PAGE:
Generating Customer Loyalty Through The Experience Not The Program

First and foremost I thank each and everyone who continues to listen the speaking that occurs on this blog.  A special appreciation for those of you who make the time to add your voice to the conversation by commenting. I wish each of you the very best for this year – may this year be the best year of your lives.

Today, I’m up for grappling with the subject of customer loyalty as I have been immersed it it since the second half of 2016 – professionally as a consultant and personally as a customer.

What Are We Talking About When We Talk Customer Loyalty?

Before diving in, let’s stop and really think about what we are talking about when we talk loyalty. According to Wikipedia:

Loyalty is devotion and faithfulness to a cause, country, group, or person. Philosophers disagree on what can be an object of loyalty as some argue that loyalty is strictly interpersonal and only another human being can be the object of loyalty.

So customer loyalty, viewed in light of this definition, is about generating devotion and faithfulness to a company and/or its brands.

Is it possible to generate devotion and faithfulness to a commercial organisation?

I can read that which the Guardian newspaper publishes online for free. Yet, I took up the Guardian’s request to pay a fee and become a Guardian member. Why pay for something that I can get free? Because, I find myself in tune with the journalism/editorial values of this newspaper. And I wish to ensure its health so that it can continue to do that which it does.

Football fans.  There are folks (customers) who spend significant amounts of time and money to travel up and down the country in order to watch/support their football team. Their devotion isn’t limited to buying tickets / watching the games. These customers also tend to be the one’s that buy the club’s merchandise and proudly display it.

Then there is Apple – clearly there are many who have been devoted and faithful to the Apple brand through good times, difficult times, great times….

So the answer to the question is yes – it is possible to generate devotion and faithfulness to a commercial organisation.

Are Loyalty Programs The Way to Customer Loyalty?

Recently, I found water pouring through the ceiling of the room below the main bathroom upstairs.  Fortunately this matter was covered by home insurance. The claims folks were helpful and appointed a contractor to replace the ceiling, strip the wallpaper and put the room back into the state it was before the damage occurred.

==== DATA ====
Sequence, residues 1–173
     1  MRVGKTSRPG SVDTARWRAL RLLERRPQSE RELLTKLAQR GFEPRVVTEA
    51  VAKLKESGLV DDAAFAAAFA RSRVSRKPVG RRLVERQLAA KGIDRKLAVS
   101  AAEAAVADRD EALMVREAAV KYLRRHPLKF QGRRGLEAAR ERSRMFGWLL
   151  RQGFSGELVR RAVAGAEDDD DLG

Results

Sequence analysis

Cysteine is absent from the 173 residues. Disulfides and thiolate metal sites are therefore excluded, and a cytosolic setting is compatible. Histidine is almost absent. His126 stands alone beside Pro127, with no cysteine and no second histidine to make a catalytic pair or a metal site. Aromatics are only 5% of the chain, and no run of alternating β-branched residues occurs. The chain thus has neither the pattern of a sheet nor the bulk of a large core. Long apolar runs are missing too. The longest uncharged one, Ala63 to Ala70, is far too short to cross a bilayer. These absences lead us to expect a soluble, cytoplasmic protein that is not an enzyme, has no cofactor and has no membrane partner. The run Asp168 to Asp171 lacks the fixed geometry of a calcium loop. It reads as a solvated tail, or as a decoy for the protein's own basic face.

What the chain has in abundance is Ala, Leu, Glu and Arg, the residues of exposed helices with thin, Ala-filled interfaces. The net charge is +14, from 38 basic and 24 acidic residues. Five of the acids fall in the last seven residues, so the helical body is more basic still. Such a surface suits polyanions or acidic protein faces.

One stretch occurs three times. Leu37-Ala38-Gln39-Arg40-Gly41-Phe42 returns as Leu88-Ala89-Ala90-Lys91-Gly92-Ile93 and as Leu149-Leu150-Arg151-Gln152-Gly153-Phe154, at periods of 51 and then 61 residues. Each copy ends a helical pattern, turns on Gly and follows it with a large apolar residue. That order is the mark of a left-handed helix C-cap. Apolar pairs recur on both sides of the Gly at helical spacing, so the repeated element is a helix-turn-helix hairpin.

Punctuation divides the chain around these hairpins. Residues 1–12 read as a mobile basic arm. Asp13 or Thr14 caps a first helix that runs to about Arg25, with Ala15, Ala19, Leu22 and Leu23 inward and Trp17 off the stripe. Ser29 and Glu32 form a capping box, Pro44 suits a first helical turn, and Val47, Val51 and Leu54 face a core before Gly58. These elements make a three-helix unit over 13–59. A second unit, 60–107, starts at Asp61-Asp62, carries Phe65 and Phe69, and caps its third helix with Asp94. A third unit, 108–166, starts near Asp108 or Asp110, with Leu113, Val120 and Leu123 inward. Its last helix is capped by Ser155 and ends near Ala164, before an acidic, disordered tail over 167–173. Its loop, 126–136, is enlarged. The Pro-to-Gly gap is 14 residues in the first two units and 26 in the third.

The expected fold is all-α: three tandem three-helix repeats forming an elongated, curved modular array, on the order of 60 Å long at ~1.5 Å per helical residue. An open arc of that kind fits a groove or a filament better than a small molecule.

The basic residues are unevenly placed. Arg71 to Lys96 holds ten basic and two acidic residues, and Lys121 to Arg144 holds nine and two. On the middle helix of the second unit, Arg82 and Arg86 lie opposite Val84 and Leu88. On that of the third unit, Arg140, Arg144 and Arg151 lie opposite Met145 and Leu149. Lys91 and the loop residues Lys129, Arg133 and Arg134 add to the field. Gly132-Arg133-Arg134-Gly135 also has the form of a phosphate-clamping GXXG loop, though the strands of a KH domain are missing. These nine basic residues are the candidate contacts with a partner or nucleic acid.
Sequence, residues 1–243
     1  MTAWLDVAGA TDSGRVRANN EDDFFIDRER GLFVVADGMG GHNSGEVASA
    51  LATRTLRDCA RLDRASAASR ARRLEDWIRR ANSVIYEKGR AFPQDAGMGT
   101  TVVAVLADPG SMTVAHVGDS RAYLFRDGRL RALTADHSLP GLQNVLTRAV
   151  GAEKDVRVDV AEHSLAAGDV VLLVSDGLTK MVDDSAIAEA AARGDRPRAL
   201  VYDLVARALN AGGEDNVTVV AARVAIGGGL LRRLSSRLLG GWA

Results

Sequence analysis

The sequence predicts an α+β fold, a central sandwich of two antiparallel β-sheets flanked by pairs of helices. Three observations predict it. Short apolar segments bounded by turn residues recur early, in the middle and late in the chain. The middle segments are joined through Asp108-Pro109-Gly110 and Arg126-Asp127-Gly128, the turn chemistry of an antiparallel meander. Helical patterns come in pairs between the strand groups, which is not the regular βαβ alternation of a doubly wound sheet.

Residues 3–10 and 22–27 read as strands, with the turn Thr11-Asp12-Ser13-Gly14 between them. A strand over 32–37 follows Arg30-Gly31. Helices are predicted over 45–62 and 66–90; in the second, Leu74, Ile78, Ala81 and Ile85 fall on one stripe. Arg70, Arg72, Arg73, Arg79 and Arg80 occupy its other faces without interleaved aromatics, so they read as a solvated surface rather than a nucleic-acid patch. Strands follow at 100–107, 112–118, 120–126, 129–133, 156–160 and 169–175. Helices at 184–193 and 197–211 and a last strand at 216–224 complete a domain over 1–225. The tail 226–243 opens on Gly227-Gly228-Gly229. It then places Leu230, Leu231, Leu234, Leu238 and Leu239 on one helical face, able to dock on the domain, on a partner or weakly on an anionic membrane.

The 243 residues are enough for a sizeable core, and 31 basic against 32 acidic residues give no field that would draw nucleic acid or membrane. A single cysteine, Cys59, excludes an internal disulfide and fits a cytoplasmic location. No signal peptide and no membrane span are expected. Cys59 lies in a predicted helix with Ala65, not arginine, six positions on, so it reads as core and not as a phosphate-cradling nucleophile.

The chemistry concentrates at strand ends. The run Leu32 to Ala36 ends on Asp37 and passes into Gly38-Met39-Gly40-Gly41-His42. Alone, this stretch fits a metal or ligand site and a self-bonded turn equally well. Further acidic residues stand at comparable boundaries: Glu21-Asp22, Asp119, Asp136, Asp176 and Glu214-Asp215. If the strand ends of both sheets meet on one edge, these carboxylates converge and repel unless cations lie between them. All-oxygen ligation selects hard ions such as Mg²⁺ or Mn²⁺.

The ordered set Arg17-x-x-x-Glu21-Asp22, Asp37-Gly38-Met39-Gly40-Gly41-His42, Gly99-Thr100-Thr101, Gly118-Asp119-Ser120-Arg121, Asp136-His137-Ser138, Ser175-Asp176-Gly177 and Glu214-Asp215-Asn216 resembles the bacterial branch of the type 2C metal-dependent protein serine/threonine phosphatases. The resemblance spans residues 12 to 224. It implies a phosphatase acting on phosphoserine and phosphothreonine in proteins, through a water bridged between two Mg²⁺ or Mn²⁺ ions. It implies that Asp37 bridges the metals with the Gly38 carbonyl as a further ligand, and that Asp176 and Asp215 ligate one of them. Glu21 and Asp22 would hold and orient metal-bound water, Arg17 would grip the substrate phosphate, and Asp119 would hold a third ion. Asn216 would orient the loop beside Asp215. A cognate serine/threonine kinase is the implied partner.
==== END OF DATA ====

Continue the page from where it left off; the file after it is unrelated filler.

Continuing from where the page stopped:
Unfortunately for me and my family the contractor appointed to carry out the repair work did the work in a slapdash manner.  So I raised the matter with the insurance company and told them I did not want this contractor to do the repairs in the upstairs bathroom. Ongoing, I may name and shame at a later point in time.

Who to use to do the work on the upstairs bathroom?  When faced with this question the immediate answer was the contractor that had carried out work on my home in 2014 when a car had driven into the front wall.  Why this contractor?  Because this contractor did such a professional job: upfront work of scoping and detailing the work; organising the work so that the right tradesmen turned up at the right time/sequence; adhering to the schedule of work; doing a great job of the job to be done; and providing a 2 year guarantee.

So it was the experience of dealing with this contractor including and especially the quality of their work -start to finish – that made me remember them some 3 years later and turn to them.  Not because of any loyalty program.

Back to football clubs and their devoted/faithful customers – the fans. Turns out that collect points and cash them in for rewards type of loyalty programs don’t work. Why not? That is not how a fan (loyal customer) thinks of loyalty. How does such a fan think? Something along the lines of “Remember me. Occasionally, offer me a free drink at your bar and/or invite me in to meet members of the team / club.”  What kind of loyalty is this? The human kind – the kind that the human race has known / practiced for many years. The kind that has allowed human tribes to face obstacles, together, and flourish.

Conclusion: Genuine Loyalty is Built Through the Experience Not the Program

Quality. You can build quality into the production process. Or you can employ quality inspectors to find defective products at the end of the production line.  And/or customer services folks to deal with the complaints arising from poor quality products.